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Giro Stage 19 Preview: Beyond the Pale Mountains

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Treviso to San Martino di Castrozza (151 km)

DEA/Albert Ceolan/Getty Images

After the most exciting joy-for-cycling-fans-globally ending of the Giro on Stage 18, with Damiano Cima of the morning’s break holding off the charging peloton, and Ackermann overtaking Demare for the ciclamino jersey, the final three stages are bound to be a bit of a letdown.

Last year, the race exploded on Stage 19, with Froome going on his long range attack and Simon Yates cracking, completely upending the narrative of the race. If that’s going to happen this year, it’ll have to wait to tomorrow’s Stage 20. Instead, Stage 19’s battle will be subtler— more suited for microaggression than aggression— but could be just as important with the looming time trial. A swing of 20 to 30 seconds in either direction between Roglic and Carapaz could mean the difference between putting the pink jersey out of reach or making it all in for pink at the final TT.

THE ROUTE

The Giro begins it’s final mountain sojourn with two days in the Dolomites. The first of the Dolomitian duo has a bumpy 137 kilometers prior to a 13.6 kilometer at 5.6% gradient final climb to San Martino di Castrozza (which I believe translates to Saint Martin, the Castrato. I like the German name better, anyway- Sankt Martin am Sismunthbach).

It’s a good day for the break (but aren’t they all) with lots of ups and downs, though only 2 categorized climbs before the finale.

Profile:

The category 3 Passo di San Boldo climb would have been a good launching point for attacks, but unfortunately it comes 85 kilometers prior to the finish with a long flattish valley section before the next climb. The climb will hit a maximum kilometer at over 13% gradient. Fans of sexy hairpins will get their money’s worth, however, as the snaking turns even make it difficult to climb in Google street view.

Stupid, sexy hairpins

For the last bit of sexy hairpins, you’ll have to engage your imagination, however, as the climb takes the riders in and out of a bunch of tunnels.

Sexy hairpins lead to a little of the ol’ in-out, in-out.

Spelunking will be a theme of the day, as the riders will go through beaucoup tunnels on the way to the final climb. Those looking to make a long range attack may try on the category 3 climb, but the Lamon is likely to be a lemon, as it’s gradients of 4 to 6% probably won’t provide much of a springboard.

For the GC, it should be all about that final climb, which looks like this:

Map of final climb:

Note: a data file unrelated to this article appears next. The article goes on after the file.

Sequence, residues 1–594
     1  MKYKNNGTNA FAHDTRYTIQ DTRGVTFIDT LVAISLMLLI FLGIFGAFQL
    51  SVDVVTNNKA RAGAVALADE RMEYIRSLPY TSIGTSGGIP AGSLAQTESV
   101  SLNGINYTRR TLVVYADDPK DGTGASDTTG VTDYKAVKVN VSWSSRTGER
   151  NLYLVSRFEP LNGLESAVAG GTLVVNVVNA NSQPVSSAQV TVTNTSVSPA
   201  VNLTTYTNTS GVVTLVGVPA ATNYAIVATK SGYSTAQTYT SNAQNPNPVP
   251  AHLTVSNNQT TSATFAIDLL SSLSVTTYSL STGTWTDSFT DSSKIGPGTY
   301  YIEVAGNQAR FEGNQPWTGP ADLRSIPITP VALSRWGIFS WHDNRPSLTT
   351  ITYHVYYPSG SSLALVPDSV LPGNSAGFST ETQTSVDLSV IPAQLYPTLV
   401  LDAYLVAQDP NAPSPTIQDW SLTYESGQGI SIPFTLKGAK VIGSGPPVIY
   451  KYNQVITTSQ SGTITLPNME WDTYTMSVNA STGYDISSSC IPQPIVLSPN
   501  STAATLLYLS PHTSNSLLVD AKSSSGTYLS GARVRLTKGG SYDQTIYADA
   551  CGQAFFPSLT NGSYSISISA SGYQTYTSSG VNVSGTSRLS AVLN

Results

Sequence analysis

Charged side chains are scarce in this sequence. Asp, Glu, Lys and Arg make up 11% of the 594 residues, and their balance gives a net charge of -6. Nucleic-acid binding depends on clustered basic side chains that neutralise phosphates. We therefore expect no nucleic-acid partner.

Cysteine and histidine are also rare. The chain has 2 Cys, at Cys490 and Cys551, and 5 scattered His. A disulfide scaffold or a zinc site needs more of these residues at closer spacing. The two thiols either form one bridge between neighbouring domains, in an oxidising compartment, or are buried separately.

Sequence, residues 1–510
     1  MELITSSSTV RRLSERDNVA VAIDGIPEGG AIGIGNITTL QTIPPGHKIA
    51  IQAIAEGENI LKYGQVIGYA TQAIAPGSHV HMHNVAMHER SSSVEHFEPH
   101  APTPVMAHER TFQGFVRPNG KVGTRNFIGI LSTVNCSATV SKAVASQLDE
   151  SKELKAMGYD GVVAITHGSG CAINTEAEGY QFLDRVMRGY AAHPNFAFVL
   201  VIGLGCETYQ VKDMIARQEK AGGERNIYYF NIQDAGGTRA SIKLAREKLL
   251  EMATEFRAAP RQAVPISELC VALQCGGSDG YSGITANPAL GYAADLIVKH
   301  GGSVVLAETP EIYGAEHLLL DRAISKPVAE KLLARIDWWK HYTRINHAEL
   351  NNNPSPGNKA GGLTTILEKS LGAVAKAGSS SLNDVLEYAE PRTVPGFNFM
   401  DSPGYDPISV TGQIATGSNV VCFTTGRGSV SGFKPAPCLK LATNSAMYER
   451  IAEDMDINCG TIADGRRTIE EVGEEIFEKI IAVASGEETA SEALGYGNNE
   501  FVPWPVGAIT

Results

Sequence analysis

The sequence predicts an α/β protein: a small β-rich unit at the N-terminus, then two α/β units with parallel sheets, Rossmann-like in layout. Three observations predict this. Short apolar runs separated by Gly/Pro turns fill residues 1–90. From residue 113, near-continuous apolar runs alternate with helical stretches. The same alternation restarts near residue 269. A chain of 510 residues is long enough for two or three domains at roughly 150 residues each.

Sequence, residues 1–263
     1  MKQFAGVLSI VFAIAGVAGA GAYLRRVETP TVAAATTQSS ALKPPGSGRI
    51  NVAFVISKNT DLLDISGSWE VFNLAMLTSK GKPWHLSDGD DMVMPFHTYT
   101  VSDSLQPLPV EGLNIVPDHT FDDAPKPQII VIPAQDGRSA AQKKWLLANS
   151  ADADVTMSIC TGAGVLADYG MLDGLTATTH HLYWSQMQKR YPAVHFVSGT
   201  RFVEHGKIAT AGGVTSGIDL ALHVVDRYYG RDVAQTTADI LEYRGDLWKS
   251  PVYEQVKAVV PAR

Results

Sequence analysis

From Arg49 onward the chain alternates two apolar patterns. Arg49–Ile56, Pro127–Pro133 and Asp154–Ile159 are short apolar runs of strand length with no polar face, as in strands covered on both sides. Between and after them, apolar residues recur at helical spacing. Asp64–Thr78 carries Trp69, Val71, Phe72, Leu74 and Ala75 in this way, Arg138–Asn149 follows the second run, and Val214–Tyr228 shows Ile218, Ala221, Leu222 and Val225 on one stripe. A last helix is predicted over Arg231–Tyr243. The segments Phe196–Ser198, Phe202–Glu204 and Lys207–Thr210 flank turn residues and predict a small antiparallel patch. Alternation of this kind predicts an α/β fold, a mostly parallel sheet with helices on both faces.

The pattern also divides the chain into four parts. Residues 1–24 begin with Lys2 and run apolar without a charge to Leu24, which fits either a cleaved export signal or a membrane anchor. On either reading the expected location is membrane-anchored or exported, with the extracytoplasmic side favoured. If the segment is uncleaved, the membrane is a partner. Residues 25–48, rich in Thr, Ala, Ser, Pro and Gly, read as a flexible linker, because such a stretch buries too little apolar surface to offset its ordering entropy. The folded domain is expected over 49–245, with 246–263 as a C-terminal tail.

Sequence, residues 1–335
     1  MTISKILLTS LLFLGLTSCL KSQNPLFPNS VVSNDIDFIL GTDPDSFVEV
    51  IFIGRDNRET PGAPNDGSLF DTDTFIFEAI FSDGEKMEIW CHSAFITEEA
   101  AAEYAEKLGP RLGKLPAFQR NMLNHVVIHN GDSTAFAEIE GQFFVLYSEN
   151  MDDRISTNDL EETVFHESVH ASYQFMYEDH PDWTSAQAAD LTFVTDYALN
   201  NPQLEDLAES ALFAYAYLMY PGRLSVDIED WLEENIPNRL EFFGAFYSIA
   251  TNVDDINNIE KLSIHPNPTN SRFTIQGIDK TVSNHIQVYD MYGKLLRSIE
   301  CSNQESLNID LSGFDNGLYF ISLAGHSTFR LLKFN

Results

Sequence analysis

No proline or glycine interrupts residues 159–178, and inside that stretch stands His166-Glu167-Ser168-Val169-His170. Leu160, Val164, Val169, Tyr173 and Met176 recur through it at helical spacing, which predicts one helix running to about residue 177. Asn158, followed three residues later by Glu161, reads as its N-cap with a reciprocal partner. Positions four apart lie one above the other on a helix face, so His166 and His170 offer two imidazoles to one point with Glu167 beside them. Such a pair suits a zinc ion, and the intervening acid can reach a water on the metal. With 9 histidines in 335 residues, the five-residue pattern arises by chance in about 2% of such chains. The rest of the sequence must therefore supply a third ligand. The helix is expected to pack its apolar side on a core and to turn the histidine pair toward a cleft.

It’s long at over 13 kilometers, but not steep. It’s doubtful that any of the top 4 contenders will be able to put time into each other, but someone further down on GC may be given some leeway.

DID YOU KNOW?

The Dolomites get their name from the French mineralogist Deodat Gratet de Dolomieu, who was the first to describe the carbonate rock that makes them up. In Italy, the Dolomites are also known as Monti Pallidi, or Pale Mountains, based upon the golden and pink hues of their rocks as the sun rises and sets. One of the legends of the Dolomites involves how the Pale Mountains got their color. Honestly, the legend is a bit of a mess and probably could have used a good editor but can be summarized like this: A Dolomitian prince wants to go to the moon, finds some old men with a spaceship who he gets to take him there, falls in love with a moon princess, goes blind from the white flowers on the moon, returns to earth with his moon wife, who brings the moon’s white flowers with her and plants them around the Dolomites, moon wife gets homesick for the moon’s white mountains and scared of the earth’s dark mountains and returns to the moon, the prince is left behind, is lonely and becomes a hermit in the woods but meets a cave gnome, cave gnome promises to get the moon wife back for the prince if the prince gives the gnome’s people a country, the cave gnome is given a country (actually New Jersey) and gets his gnome compatriots to climb up the mountains and rip off threads from the moon to cover the Dolomites, moon wife sees the white mountains and reunites with the prince. So, I guess the moral of the story is that moon wives are hard to keep happy.

WHAT’S GONNA HAPPEN?

The big question is whether Carapaz’s hopes are going to explode like dynamite in the Dolomites. His performances this year and last year suggest they won’t. Last year, he survived Froome’s long range attack, coming in second on that stage and leaping up 4 spots on GC. Carapaz would also finish with the small front group of favorites on the following mountainous day last year. This year, he’s picked his spots to move into pink, though a stage win on Stage 4 and then 11 days later on Stage 14 may suggest that he’s been holding onto form for a while and is due for a drop off (hey, you gotta try to manufacture drama where you can). Anyway, this is a stage that shouldn’t worry him— as it’s unlikely that either Nibali or Roglic will be able to do damage on the relatively gentle gradients of the finale nor is their a good opportunity for a long range attack. Rather, it’s all pointing to a final showdown on Stage 20, as more likely than not, the front GC riders cross the line together in a small group.

You can almost guarantee that Simon Yates and Miguel Angel Lopez will try something— and they’ll probably be granted a little leeway as they are far enough down on GC, but not enough leeway to be let in the morning break. And more likely than not, that morning break will be fiercely contested, as this stage may provide the last opportunity for a victory from a break. You can expect a common cast of characters to make it in the break— De Gendt, several Androni, Brambilla, et al. As for a winner, damned if I know, but let’s go with Tunnel Kangert to stay true to the theme of this stage.